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New Jersey Redistricting Commission holds first hearings

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January 29, 2011

By Kyle Maichle

CAMDEN, New Jersey: The 10 members of the New Jersey Redistricting Commission held their first public meetings on January 29, 2011, in Camden and Toms River.[1][2]

During the first of two meetings in Camden, commission members debated the merits of adding an 11th tie-breaking member to be included in the early stage of meetings.[2] Democrats stressed if a 11th member is added, it would allow the additional person to have adequate time to consider map configurations.[2] John Wisniewski, leader of the Democratic redistricting team, said: "we think it's essential, especially in the time frame we’re working with, have the involvement of the 11th member, who will almost certainly cast the tie-breaking vote."[2]

Republican members stressed a provision in the state constitution mandating the commission to meet for one month before including an 11th member.[2] Jay Webber, Chairman of the GOP's redistricting effort, said: "it is an accelerated and compressed process, but one that we feel requires us to follow the dictates of the constitution and work together as members of the try to find a map and make every effort."[2]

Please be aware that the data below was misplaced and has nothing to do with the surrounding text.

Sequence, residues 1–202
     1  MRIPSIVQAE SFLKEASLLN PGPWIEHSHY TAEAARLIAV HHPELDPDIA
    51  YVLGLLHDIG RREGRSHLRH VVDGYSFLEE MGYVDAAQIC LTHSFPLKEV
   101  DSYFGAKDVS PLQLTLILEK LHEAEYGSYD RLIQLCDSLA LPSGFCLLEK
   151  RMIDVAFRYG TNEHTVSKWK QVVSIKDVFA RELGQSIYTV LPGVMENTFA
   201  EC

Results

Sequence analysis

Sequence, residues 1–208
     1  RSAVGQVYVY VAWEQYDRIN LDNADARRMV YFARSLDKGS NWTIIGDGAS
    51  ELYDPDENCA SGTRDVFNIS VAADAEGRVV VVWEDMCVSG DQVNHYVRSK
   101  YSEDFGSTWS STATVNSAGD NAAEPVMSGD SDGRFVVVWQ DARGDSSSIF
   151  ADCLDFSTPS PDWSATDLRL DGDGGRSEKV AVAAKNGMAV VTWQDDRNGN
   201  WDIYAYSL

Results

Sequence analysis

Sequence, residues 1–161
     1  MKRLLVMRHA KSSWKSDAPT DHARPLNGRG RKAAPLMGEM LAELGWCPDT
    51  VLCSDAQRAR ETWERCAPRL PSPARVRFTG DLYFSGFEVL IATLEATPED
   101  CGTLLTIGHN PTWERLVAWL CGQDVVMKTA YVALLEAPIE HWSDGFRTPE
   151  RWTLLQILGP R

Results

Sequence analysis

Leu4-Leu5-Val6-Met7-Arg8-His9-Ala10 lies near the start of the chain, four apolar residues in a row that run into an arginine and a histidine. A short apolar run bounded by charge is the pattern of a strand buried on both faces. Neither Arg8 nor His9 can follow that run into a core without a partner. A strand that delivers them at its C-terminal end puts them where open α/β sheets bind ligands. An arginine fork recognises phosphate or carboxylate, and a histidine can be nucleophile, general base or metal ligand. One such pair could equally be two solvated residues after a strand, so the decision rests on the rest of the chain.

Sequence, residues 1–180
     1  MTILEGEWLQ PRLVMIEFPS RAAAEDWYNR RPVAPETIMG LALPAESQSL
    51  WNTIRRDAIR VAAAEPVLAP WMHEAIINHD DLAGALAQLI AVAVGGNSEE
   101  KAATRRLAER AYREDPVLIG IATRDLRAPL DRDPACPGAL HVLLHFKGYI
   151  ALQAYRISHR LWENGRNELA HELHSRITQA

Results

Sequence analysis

In the days leading up to the first meeting, commission members were engaged in partisan infighting.[3] John Wisenewski told the Courier-Post that: "I'm trying to be polite, but the reality is it took Republicans until Monday to get back to us with an agreement on location and time."[3] Wisenewski also said: "the foot-dragging has been entirely on their part."[3] It was not until January 26, 2011, that the commission announced times and locations of the meetings.[3]

The deadline for the 10 member commission to get a plan in place is one month after Census data is released.[2] If no plan is reached, Chief Justice Stuart Rabner of the New Jersey Supreme Court would appoint the 11th member to the commission.[2][4] The 11th member is nonpartisan and would decide the outcome on how the maps would be drawn.[2]

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